Later, the building was caught on fire by the Winter Knight (I know, fire and winter, ironic) and everyone forgot the comatose boy inside until well after they had fled. Now where does THAT sit with the first law?

Warden Caine had a total Batman entrance, cape and all. It was pretty cool.

One of the first things I mentioned above was some backstory questions I asked. What I wanted was some hooks and common ground for the characters to either agree or disagree on but at least share the same knowledge of. What I got out of it were a couple responses that felt deprotagonizing to the characters. The 42nd was made out as a joke and Caine was described as someone who panics under fire. Now, in a group that had been playing together for a while, or where I just had the vibe that they would take these conflicts and use them as grist of the mill of character drama, I’d probably be happy. But bringing a new player into an existing group, it felt like it set up the precedent for un-fun ribbing rather than making the others look awesome.

Since then I’ve seen it manifest, most often but not exclusively between the Winter Knight and the Warden, who each describe the other as incompetent, specifically a klutz with a sword despite a good [+3] weapon skill and a second rate replacement for Rose as a cop and custodian. Now we’re all adults at the table and I don’t think any of the players are walking away from this hurt, I’d have brought it up to them specifically if I did. And maybe it’s just relationship dynamics set up so the characters can riff off each other, but I struggle with it at times. I think it’s my job to give the characters challenges that are opportunities to be awesome (Dresden is pretty high in the competence porn rating). I don’t want those moments of awesome diminished or negated by anyone (PC or NPC) tearing down the spotlight PC.

Also, its worth nothing some awesome friction has come up, specifically ideological differences. Like, as much as I don’t want the players squabbling over nothing, I totally LOVE it when they fight over things they believe in, like Raoul and Caine’s totally different outlook on magic and monsters (and possibly free will).

3 thoughts on “Actual Play – Introducing Warden Thomas Caine (8/15/2011)”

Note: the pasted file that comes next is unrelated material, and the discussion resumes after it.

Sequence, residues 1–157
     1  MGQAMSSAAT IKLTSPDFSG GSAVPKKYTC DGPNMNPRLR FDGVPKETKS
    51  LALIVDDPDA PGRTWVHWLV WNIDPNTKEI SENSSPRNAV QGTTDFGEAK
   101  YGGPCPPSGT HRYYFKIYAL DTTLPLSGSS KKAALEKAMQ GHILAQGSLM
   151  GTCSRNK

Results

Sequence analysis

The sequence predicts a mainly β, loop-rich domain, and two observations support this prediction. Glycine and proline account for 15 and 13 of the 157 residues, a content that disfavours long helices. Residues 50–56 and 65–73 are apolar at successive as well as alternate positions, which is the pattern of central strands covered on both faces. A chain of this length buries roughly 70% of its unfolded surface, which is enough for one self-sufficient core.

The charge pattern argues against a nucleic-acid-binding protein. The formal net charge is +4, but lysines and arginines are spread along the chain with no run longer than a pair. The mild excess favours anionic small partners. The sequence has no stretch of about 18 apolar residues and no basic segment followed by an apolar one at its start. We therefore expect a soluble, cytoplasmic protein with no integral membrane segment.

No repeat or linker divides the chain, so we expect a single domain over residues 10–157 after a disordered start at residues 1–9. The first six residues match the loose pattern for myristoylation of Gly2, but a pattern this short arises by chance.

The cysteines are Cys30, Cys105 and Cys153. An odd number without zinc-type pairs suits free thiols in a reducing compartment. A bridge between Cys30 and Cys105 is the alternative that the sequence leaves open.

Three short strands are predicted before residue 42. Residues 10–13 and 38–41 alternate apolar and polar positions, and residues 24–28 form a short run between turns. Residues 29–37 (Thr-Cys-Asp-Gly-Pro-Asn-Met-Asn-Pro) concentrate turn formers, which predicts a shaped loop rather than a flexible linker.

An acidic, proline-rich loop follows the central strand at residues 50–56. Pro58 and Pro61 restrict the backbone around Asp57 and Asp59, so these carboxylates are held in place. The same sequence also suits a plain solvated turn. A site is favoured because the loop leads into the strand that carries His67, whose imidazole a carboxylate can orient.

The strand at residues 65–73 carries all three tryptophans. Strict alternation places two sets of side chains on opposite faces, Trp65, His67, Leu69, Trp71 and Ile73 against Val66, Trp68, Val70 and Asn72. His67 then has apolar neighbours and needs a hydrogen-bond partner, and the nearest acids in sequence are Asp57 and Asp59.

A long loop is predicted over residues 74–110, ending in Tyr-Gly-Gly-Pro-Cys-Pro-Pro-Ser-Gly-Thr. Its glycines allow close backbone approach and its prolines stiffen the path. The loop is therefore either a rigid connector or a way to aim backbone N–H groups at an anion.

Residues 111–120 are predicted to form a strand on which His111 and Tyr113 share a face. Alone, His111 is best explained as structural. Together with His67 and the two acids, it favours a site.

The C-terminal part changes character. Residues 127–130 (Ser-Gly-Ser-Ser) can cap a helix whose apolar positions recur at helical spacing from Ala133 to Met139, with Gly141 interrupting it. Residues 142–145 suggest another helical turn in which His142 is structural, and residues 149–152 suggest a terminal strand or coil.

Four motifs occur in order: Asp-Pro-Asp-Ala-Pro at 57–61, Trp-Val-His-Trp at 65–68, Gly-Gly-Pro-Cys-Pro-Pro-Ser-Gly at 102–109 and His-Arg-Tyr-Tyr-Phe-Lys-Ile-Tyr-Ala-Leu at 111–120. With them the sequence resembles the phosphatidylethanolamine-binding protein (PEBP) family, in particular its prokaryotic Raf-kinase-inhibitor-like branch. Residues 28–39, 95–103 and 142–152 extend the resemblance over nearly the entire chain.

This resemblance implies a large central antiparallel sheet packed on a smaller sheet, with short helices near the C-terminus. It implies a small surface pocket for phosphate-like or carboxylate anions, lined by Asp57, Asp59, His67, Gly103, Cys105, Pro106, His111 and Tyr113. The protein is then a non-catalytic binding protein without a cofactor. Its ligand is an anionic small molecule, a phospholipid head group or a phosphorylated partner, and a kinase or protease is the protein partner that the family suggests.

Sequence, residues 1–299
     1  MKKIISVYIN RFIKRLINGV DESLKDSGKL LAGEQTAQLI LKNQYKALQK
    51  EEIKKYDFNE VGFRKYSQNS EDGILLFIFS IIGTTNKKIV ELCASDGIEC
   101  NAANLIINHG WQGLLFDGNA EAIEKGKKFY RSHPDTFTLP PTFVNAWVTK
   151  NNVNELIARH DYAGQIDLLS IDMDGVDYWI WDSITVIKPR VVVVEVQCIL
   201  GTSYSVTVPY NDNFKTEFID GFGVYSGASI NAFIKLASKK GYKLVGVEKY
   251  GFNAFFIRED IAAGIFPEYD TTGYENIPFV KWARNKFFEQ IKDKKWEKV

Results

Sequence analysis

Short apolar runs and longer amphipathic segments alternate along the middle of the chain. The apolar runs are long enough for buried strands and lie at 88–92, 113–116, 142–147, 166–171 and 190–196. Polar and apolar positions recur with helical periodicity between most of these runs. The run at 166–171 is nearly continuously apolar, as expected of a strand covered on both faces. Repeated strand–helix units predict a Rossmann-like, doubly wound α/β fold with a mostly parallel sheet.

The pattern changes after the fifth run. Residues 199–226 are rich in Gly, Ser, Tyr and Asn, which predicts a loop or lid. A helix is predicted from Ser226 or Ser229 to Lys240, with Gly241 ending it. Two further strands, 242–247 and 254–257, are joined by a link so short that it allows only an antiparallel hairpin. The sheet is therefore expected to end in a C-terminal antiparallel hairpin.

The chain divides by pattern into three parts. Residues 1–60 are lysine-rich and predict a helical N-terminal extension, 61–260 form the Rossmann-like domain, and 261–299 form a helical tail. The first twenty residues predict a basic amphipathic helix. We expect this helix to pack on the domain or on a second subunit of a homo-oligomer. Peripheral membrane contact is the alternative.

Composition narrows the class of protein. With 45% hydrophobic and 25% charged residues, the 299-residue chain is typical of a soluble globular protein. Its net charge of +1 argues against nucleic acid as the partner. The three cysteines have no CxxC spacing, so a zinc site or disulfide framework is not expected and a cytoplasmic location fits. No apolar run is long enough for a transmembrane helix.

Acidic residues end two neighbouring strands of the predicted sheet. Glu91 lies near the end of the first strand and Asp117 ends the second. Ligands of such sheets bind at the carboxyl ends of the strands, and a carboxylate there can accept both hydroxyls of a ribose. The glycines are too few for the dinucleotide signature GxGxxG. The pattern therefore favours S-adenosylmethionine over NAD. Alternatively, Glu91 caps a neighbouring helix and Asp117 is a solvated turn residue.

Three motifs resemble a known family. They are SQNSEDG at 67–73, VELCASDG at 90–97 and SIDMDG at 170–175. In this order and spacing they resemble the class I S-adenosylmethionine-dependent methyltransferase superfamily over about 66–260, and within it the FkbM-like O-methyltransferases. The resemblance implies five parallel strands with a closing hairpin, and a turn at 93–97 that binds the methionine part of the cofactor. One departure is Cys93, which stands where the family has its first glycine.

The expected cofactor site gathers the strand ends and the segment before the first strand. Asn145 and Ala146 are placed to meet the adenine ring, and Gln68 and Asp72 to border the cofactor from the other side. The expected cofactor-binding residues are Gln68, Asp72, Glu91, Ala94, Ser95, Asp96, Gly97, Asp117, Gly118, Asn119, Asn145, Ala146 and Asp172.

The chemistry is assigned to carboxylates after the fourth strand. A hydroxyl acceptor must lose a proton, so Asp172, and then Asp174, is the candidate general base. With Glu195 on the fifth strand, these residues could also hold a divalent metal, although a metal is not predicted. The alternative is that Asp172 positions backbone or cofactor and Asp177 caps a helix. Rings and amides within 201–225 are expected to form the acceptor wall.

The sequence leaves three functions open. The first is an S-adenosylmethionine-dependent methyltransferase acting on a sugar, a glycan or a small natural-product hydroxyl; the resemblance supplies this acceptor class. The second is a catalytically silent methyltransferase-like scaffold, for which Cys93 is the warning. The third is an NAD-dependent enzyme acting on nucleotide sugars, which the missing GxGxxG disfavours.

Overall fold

1. you know, the more I think about it, the more I think it’s a mistake for Cain to have been in Chicago at all. I don’t really want to have any contact or connection with Dresden or Murphey, and the two would have been unavoidable if he was a magic using cop in Chi-town.
    Perhaps someplace like Seatle or Vancouver. Big enough city but not on Butcher’s radar.

    As for me, I’m enjoying the antagonism with Steve and the Winter Knight. At some point our agendas are going to align and we’ll get an opportunity to remove our knee-jerk initial presumptions about each other.

    1. Cool, glad to hear (re: antagonism).

      As for Caine’s origins, yeah just because his parents were in Chicago doesn’t mean he had to have been. If you’d like to retcon Caine’s past I’m down with that, we can even do it within the fiction (“Yeah, so reports here say Caine was in Chicago during that terrorist attack, but guess what, he was never part of the CPD. In fact he was working out of Vancouver at the time…What the hell was he doing in the Windy City? And why just when that attack happened? Ain’t that suspicious?”

      1. I think we got our background wires crossed.

        I had been initially wanting Cain to have been a brand-spankin’ new warden at the time of the Black Council Betrayal. I was thinking that he even might have been at the hospital that the Red Court attacked with the nerve gas, and only his high proficiency with air magic is what enabled him to fight his way out with some of the other survivors.
        This would tie nicely in to the Dark Hallow timeline, for Cain was like top on the list of new wardens to get a “head-choppin’ sword” from Luccio before she got bait and switched.

        Cause, unless we want to bring in Dresden and Murphy and other Named characters, I think it’s best that Cain is from somewhere else completed (Did I said Chicago? Sorry, I meant Seattle…my mistake).